The keys of protecting your plants from the hot and dry weather
With the recent dry and hot weather conditions in our area these past few days, many of our Facebook fans wanted to know how to protect your plants and vegetation. This was the topic for Thursday's Facebook Story of The Day.
For local landscapers and gardeners, the hot weather is no surprise due to the mild winter we've just had.
One of the main keys of course is to water your plants, but not as much as you think.
Newly planted vegetation should be watered every day for ten days straight while old and existing vegetation just need to be watered heavily once a week since they are already established on the ground.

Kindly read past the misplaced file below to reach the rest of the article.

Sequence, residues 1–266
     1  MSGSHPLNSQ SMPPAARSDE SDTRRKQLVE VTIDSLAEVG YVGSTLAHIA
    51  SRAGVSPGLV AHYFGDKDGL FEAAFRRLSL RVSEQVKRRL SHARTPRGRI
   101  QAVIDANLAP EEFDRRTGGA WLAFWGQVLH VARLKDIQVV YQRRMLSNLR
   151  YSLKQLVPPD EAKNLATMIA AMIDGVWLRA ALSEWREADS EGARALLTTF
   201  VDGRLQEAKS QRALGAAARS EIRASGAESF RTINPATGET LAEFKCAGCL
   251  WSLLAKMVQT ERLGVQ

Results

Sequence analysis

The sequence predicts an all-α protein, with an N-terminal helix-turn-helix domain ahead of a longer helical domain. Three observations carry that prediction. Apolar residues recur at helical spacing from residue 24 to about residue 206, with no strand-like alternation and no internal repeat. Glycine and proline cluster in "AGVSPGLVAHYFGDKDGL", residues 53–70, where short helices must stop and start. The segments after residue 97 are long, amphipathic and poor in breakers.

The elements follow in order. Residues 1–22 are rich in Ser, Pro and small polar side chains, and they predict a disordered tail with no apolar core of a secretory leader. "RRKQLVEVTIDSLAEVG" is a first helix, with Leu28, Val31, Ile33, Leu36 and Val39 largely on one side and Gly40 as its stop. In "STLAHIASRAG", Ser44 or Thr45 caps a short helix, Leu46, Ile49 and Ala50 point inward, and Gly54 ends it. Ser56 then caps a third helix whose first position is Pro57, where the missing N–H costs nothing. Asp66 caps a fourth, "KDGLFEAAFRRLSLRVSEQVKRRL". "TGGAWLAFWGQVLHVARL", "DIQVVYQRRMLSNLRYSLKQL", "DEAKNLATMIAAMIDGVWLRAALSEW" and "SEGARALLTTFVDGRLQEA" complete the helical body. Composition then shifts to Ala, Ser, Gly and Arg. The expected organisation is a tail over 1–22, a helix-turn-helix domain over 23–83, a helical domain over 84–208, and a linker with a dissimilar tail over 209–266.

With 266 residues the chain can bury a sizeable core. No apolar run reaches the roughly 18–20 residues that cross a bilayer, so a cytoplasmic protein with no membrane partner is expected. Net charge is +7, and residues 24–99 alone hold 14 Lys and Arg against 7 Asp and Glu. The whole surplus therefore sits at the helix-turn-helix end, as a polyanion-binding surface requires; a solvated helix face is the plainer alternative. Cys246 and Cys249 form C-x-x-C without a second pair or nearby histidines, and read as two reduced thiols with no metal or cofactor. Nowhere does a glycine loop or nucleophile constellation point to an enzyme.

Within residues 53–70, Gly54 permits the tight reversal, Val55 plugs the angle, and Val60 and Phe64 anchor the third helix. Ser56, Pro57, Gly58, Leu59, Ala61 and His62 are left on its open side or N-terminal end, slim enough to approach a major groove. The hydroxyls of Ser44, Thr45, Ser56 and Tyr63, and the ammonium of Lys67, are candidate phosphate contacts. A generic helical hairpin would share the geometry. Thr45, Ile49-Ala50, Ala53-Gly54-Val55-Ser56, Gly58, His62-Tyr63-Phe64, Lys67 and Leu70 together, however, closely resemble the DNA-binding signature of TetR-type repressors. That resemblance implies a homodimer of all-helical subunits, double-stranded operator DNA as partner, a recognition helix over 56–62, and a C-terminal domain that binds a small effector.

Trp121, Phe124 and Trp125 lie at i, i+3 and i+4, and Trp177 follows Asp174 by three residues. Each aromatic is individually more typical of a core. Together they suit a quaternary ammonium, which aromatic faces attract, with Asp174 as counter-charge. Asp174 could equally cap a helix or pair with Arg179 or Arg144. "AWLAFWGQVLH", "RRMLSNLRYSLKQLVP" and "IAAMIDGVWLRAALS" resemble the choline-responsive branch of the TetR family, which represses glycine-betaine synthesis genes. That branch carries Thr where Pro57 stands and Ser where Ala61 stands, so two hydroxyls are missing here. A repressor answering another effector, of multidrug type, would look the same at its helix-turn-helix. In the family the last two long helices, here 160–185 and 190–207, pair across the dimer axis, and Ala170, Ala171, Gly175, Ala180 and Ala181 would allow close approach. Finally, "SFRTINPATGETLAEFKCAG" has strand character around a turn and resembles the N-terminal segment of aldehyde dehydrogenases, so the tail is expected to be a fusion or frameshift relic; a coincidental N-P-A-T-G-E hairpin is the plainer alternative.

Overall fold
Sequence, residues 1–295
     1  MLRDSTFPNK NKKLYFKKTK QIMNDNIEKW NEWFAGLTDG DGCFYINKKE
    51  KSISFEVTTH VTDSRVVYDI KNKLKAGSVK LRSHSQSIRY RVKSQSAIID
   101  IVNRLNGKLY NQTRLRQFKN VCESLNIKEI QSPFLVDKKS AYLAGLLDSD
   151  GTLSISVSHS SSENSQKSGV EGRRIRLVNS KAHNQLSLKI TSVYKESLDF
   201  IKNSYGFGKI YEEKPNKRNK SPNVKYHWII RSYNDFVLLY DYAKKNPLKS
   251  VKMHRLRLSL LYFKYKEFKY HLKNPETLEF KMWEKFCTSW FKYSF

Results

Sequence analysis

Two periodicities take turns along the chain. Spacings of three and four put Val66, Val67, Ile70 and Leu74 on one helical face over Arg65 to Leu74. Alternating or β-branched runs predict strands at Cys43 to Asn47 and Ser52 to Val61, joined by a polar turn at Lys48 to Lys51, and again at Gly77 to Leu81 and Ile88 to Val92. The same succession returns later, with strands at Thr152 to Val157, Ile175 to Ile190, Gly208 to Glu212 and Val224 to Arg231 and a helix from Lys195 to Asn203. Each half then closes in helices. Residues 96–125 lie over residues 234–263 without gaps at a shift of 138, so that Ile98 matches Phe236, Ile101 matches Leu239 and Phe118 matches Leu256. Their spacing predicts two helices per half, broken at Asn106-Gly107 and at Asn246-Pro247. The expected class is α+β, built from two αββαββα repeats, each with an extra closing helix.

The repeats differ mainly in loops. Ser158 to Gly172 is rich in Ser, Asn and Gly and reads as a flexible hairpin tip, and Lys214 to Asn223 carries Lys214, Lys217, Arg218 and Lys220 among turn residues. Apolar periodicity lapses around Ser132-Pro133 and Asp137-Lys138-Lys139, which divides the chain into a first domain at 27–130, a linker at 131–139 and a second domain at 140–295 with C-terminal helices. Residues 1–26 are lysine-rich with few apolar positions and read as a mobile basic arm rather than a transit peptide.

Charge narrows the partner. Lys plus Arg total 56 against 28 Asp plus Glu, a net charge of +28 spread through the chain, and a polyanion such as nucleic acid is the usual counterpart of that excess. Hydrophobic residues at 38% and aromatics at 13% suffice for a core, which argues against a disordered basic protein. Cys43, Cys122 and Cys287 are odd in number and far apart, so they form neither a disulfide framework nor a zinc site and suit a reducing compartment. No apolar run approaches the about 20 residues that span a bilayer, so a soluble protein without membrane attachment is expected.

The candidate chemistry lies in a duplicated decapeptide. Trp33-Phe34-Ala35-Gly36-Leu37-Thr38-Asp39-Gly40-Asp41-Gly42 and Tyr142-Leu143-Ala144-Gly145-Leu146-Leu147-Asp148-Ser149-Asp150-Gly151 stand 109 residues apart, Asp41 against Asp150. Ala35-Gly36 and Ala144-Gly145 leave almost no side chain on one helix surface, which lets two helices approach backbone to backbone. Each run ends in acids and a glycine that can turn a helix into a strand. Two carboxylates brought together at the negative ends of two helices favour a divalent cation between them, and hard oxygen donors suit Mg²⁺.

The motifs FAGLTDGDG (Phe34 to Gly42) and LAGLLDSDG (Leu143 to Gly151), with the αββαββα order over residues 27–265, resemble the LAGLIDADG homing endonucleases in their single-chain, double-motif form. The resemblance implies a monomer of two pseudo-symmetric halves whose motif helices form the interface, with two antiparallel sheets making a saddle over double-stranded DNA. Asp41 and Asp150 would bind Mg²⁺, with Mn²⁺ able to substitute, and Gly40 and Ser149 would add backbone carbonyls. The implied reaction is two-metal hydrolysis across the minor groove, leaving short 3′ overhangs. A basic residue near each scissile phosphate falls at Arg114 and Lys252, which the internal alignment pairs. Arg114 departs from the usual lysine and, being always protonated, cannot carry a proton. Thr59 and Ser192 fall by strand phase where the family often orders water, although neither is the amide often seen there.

"Older and more established plants have a natural way of storing water in their root system. They can do it if you give them a lot of water once a week, they will be able to store that. It's very common to see people over water their plants seven days in a row. You can actually lose plants that way," said Trumascape Chairman Michael Dijak.
It's also better to put four to five inches of mulch around the plant to help retain the water.
"If you put in a lot of water into the base of a plant, it's going to seep down through the mulch into the root system and allow the plant to maintain that water. It's also going to serve as a good sun barrier and help maintain moisture and trickle it down into the plant," Dijak said.
Dijak also advises not to decorate your garden with rocks for it won't allow water to enter your plants.
Another thing is not to water the leaves of the plants because it will burn them out due to evaporation.